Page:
Japan Disaster Shakes Global Raw Materials Trade

NEW YORK (TheStreet) -- With the damage -- and the death toll -- in Japan still far from clear, manufacturing plants and nuclear reactors taken offline by the catastrophe will shake worldwide demand and pricing for raw materials, observers of the global commodities trades say.

Already investors have driven up shares of Posco ( PKX), for example. The South Korean steel giant saw its stock rise nearly 5% in New York trading Monday, the second session after news of the disaster broke on Friday morning in the U.S.

Posco is seen as the likely beneficiary of increased demand for steel as its Japanese competitors are forced to contend with mills damaged by the quake. As much as 20% of Japan's steel industry has been affected in some way by the disaster, according to an analyst at Hyundai Securities who spoke with Reuters.

Even if the massive quake didn't directly damage some steel mills, the rolling brown-outs and diminished power generation in Japan could reduce production at the nation's otherwise unscathed plants.

"A near-term drop in demand for industrial metals and raw materials will likely follow as ports and factories remain closed," wrote Anthony Rizutto, the metals-and-mining analyst at the New York investment firm Dahlman Rose in his daily note to clients Monday.

Over the longer term, however, analysts expect Japan's massive reconstruction effort to eventually boost demand for steel.

Japan has the world's second-largest steel industry, albeit a distant No. 2 behind China. Last year, Japanese mills produced nearly 110 million metric tons of steel. China produced about 630 million.

Among global steel names, shares of ArcelorMittal ( MT) were relatively flat at $34.66, while U.S. players were in the red. Nucor ( NUE) shares were slipping 1% to $46.63 and U.S. Steel ( X) 0.8% to $54.68.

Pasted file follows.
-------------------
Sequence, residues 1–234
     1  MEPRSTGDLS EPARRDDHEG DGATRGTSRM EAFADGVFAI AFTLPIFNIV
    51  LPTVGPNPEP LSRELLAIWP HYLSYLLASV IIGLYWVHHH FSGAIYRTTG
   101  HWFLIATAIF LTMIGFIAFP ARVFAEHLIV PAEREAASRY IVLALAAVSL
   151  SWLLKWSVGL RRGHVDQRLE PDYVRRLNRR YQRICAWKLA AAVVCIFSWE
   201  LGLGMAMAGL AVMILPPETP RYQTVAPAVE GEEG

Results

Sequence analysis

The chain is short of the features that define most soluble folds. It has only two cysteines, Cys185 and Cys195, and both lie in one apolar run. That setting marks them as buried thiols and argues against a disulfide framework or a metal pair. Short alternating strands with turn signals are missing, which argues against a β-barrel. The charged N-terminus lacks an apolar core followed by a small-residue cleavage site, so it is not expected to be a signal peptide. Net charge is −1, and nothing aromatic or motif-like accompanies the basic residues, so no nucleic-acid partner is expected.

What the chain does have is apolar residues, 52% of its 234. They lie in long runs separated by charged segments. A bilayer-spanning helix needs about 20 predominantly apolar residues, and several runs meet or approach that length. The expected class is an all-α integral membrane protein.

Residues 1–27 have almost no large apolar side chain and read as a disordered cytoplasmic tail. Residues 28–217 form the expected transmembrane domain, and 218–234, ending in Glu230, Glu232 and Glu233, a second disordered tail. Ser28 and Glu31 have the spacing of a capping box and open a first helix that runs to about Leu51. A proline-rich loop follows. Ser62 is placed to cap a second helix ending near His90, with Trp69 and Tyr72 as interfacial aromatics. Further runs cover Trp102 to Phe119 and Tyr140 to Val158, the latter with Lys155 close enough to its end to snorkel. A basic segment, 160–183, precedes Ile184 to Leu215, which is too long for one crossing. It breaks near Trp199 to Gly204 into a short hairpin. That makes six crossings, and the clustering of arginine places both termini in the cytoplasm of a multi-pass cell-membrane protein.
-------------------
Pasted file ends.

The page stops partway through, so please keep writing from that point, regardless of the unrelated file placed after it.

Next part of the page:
As for the ingredients used to make steel, the global trade in iron ore and coking coal will likely see a falloff in demand, though not a drastic one, said Jeffrey Landsberg, analyst and founder of Commodore Research, which tracks dry-bulk shipping and the iron ore market for industry clients as well as investors.

Meanwhile, 10 of Japan's 55 nuclear reactors were offline as of Sunday, Landsberg wrote in a report Monday. About 33% of the nation's electrical needs come from nukes. That means the country will need to boost production at other forms of power plants, including coal (20% to 25% of Japan's electrical generation) and natural gas. Imports of thermal coal by the island nation will likely see an increase. An earthquake in 2007, Landsberg noted, resulted in the country's largest nuclear plant being idled for nearly two years, which lifted thermal coal imports by about 15%.

As for liquefied natural gas, Japan was already the world's largest importer of the product. Specialist LNG shippers saw their stocks rise sharply Monday. Tsakos Energy ( TNP) was up nearly 6% to $9.93, while Golar LNG ( GLNG) was jumping 7.8% to $20.10, having earlier touched $20.53, a 52-week high.

-- Written by Scott Eden in New York

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